Pacemaker implantation after SAVR points to increased mortality and heart failure hospitalisation

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Natalie Glaser

Patients undergoing permanent pacemaker implantation after surgical aortic valve replacement (SAVR) are at increased risk of all-cause mortality and heart failure hospitalisation, according to the findings of a Swedish observational study published in JAMA Network Open.

Authors of the study, Natalie Glaser (Department of Cardiology, Stockholm South General Hospital, and Department of Molecular Medicine and Surgery, Karolinska Institutet, Stockholm, Sweden) and colleagues, examined 24,983 patients who underwent SAVR in Sweden from 1997‒2018 in order to investigate long-term outcomes after primary surgical aortic valve replacement among patients who underwent postoperative permanent pacemaker implantation, with a primary outcome of all-cause mortality.

Aortic valve replacement (AVR), they write, is associated with radically improved prognosis among patients with severe aortic valve disease, but surgical and transcatheter AVR carry risks of perioperative damage to the conduction system, sometimes requiring permanent pacemaker implantation. Prior studies investigating the long-term clinical outcomes of patients who have undergone permanent pacemaker implantation after aortic valve replacement reported conflicting results, they note.

Data were extracted from the Swedish Web-System for Enhancement and Development of Evidence-Based Care in Heart Disease Evaluated According to Recommended Therapies (SWEDEHEART) registry and included all patients who underwent primary SAVR in the eight Swedish centres that perform cardiac procedures. Among the 24,983 patients who were eligible for study, 849 (3.4%) underwent permanent pacemaker implantation within 30 days after surgical treatment and 24,134 (96.6%) did not receive pacemakers in that time.

The mean age of the total study population was 69.7 (10.8) years, and 9,209 patients were women (36.9%). The mean (SD) and maximum follow-up periods were 7.3 years and 22 years, respectively.

At 10 years and 20 years after surgical treatment, the Kaplan-Meier estimated survival rates were 52.8% and 18% in the pacemaker group, respectively, and 57.5% and 19.6% in the non-pacemaker group, respectively.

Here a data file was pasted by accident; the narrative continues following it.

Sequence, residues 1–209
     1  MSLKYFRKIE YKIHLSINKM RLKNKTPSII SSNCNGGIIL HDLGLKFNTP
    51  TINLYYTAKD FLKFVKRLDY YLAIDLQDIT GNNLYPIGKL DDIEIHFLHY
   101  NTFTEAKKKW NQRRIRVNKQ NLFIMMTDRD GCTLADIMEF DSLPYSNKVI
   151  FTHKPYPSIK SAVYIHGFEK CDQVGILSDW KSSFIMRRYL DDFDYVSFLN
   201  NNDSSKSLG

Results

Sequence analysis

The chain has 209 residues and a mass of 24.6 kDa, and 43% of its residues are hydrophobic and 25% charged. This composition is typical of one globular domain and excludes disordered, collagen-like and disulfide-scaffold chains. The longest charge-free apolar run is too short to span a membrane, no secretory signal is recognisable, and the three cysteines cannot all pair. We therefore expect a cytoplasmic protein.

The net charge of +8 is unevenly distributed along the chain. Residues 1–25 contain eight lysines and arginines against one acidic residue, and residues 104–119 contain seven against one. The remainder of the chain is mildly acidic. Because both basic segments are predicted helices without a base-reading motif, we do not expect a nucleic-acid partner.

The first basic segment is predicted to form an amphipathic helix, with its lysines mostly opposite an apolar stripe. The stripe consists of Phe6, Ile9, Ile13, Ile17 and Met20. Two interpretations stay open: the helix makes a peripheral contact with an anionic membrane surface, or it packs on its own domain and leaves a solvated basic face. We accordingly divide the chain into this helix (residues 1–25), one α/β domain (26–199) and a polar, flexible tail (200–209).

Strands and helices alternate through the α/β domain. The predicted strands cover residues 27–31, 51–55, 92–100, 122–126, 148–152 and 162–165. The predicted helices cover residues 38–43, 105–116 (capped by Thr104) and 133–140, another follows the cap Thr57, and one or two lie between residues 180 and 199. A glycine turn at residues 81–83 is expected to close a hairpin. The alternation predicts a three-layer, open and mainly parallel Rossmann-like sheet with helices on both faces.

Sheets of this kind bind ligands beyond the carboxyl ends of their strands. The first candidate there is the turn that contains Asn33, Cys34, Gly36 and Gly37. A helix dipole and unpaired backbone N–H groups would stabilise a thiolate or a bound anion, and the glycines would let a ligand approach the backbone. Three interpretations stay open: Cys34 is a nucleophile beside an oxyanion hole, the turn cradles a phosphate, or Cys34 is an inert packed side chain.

According to Glaser and colleagues, all-cause mortality was statistically significantly increased in the pacemaker group compared with the non-pacemaker group (hazard ratio [HR], 1.14; 95% CI, 1.01‒1.29; p=0.03), as was risk of heart failure hospitalisation (HR, 1.58; 95% CI, 1.31‒1.89; p<0.001). Meanwhile, no statistically significant increase was found in the risk of endocarditis in the pacemaker group.

Discussing the findings of the study, Glaser et al point to data collected by Kevin Greason (Mayo Clinic, Rochester, USA) and colleagues, analysis 5,842 patients who underwent SAVR from 1993–2014. Permanent pacemakers were implanted in 2.5% of patients within 30 days after surgical treatment, and the mortality rate at 10 years was 65% in the pacemaker group. Permanent pacemakers were implanted in 2.5% of patients within 30 days after surgical treatment, with worse long-term survival noted among patients who underwent permanent pacemaker implantation.

Glaser et al write that their findings support the conclusions drawn by Greason et al and provide “robust data obtained from a nationwide and contemporary patient cohort consisting of almost 25,000 patients.”

Additionally, the study’s authors suggest that the findings may be clinically relevant in patients who have undergone transcatheter aortic valve implantation (TAVI). They write: “The prevalence of permanent pacemaker implantation after transcatheter AVR is consistently increased compared with the prevalence after surgical AVR. Although our results cannot be directly generalised to patients who underwent transcatheter AVR, it is likely that our findings may be valid in transcatheter AVR patient populations. The results of our study are clinically relevant, especially in an era when transcatheter AVR is used among younger patients with lower surgical risk.”

Limitations of the study include that the authors were unable to discriminate between patients with a high pacing burden and low or no pacing dependency during follow-up, and that it did not investigate other central aspects of well-being, such as quality of life or functional capacity.

And, Glaser et al note that while they adjusted for a range of comorbidities and socioeconomic factors, there were factors that were unknown or unmeasured for which they were unable to adjust, including preoperative electrocardiographic characteristics and indications for pacemaker implantation. “Thus, this study allows for demonstrating associations rather than causality,” they add.

In conclusion, Glaser and colleagues write: “We observed an increased risk of all-cause mortality and heart failure hospitalisation among patients who underwent permanent pacemaker implantation after SAVR. We found no association between permanent pacemaker implantation and risk of endocarditis. Our findings are important to consider, especially in an era when transcatheter AVR is used among younger patients at lower risk of adverse surgical outcomes. These findings suggest that future research should investigate how to avoid permanent pacemaker dependency after surgical and transcatheter AVR.”


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